Wal-Mart Moves to Undercut Prices in the Organics Market
If you are planning to start or grow a company in the organic product market, you have a new market force to consider: Walmart.
The largest U.S. grocery chain said it has partnered with natural foods company Wild Oats to offer organic food items priced at least 25 percent cheaper than competing national brands. For example, Wild Oats Marketplace Organic Chicken Broth will retail for $1.98 -- 43 percent below the $3.47 of a competing national brand already on Walmart's shelves.
The retailer, which already carries more than 1,600 organic grocery items, will be the exclusive carrier of about 100 Wild Oats products, including canned vegetables, spices and ready-to-prepare meals.
The company says the move stems from a desire to give customers what they want – organic food at more affordable prices. "Interest in food that is organic is growing,” said Jack Sinclair, the executive vice president of grocery products at Walmart, in a blog post he penned about the new product line. “While you may not think of Walmart as a destination for organic groceries, we are.”
Walmart's latest push into organic comes during the same week that another big-box retailer, Target, announced it would be offering more organic and sustainable product lines. To be sure, slapping the word “sustainable” on a product may make a consumer feel righteous, but there’s not a lot of evidence that it means much of anything about the product. Still, there’s marketing power in making your customers feel good.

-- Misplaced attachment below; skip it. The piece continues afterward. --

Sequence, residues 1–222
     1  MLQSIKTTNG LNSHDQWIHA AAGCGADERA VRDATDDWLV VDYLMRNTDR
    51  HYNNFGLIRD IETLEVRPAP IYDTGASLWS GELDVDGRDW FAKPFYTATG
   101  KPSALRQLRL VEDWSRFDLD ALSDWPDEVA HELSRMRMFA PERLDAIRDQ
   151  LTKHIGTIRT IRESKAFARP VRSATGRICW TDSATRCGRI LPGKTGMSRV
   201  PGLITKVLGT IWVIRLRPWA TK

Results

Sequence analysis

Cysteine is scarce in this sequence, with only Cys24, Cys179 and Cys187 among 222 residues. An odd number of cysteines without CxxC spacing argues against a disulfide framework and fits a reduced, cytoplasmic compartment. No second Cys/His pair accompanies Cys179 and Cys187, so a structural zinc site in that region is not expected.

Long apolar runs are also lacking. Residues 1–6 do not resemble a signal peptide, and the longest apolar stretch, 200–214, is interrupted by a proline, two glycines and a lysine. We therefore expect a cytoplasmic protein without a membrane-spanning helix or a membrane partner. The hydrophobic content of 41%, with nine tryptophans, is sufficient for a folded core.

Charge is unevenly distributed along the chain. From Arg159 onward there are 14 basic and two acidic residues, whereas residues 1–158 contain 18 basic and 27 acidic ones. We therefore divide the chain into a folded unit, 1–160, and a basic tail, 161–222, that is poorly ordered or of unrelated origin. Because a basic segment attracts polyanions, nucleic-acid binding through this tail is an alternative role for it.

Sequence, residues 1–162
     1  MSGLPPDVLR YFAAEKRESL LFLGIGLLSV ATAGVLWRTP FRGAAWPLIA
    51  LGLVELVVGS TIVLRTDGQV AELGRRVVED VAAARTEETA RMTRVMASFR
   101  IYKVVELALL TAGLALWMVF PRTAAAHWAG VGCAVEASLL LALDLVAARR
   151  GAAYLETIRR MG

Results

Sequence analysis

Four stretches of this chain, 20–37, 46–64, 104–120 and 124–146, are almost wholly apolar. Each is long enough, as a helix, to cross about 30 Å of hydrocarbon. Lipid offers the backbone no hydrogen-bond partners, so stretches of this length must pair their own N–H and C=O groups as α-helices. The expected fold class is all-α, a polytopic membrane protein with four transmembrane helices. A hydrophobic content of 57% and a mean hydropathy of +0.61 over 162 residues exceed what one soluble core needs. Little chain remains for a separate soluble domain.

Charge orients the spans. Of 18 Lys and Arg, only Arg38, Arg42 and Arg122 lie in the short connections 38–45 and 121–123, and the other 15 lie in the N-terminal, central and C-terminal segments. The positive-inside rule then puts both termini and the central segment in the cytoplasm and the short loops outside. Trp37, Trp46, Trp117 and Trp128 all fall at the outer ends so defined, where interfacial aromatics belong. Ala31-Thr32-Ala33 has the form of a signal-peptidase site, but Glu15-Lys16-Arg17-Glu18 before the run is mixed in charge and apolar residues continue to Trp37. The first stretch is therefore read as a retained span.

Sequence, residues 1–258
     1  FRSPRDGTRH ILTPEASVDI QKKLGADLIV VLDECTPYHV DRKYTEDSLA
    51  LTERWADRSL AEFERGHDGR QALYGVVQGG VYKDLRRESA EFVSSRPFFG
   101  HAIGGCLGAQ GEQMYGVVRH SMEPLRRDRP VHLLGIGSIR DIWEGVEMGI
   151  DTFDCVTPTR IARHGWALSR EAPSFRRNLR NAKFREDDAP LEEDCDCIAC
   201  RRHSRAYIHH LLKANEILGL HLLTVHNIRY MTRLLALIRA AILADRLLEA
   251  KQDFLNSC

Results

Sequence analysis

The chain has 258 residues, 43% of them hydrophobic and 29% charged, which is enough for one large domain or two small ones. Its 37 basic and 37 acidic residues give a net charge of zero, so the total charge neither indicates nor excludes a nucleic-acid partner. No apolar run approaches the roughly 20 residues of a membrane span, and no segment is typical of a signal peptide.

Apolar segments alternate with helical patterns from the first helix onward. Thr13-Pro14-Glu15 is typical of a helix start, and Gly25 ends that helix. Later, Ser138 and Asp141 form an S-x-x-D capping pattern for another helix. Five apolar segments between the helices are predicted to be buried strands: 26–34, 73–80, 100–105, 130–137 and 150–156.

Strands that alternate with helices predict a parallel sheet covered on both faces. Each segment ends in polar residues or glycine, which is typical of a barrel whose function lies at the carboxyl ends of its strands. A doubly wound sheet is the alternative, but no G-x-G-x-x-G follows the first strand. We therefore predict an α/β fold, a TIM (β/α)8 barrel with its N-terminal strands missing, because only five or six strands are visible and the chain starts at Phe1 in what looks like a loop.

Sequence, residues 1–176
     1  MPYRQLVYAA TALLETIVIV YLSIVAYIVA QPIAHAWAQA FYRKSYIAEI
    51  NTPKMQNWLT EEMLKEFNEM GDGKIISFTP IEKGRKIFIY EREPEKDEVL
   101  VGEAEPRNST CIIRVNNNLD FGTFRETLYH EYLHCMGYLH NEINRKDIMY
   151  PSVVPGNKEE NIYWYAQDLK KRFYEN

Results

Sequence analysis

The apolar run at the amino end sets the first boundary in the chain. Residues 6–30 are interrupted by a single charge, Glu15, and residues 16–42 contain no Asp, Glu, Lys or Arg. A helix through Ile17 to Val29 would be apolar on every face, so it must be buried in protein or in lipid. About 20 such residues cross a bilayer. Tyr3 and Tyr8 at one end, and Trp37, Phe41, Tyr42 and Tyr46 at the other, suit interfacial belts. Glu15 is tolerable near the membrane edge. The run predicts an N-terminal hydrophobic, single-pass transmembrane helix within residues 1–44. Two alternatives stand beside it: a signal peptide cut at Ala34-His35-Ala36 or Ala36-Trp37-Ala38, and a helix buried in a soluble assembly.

Yesterday, the Minneapolis-based retailer announced a “Made to Matter – Handpicked by Target” line of 17 products that it considers either natural, organic, or sustainable. Brands included in the line are include Annie’s Homegrown, Burt’s Bees, Chobani, Clif Bar & Company, Ella’s Kitchen, EVOL, Horizon Organic, Hyland’s, Kashi, Method, Plum Organics, Seventh Generation, SheaMoisture, Target’s Simply Balanced, Vita Coco, Yes To and Zarbee’s Naturals.
“Our guests are looking for products they can feel good bringing home without sacrificing price and performance,” said Kathee Tesija, executive vice president of merchandising and the supply chain at Target, in a statement.
As a retailer, whether or not your goods are good for the environment, making your customers feel good about buying things at your store is going to be good for your bottom line.
Catherine Clifford is senior entrepreneurship writer at CNBC. She was formerly a senior writer at Entrepreneur.com, the small business reporter at CNNMoney and an assistant in the New York bureau for CNN. Clifford attended Columbia University where she earned a bachelor's degree. She lives in Brooklyn, N.Y. You can follow her on Twitter at @CatClifford.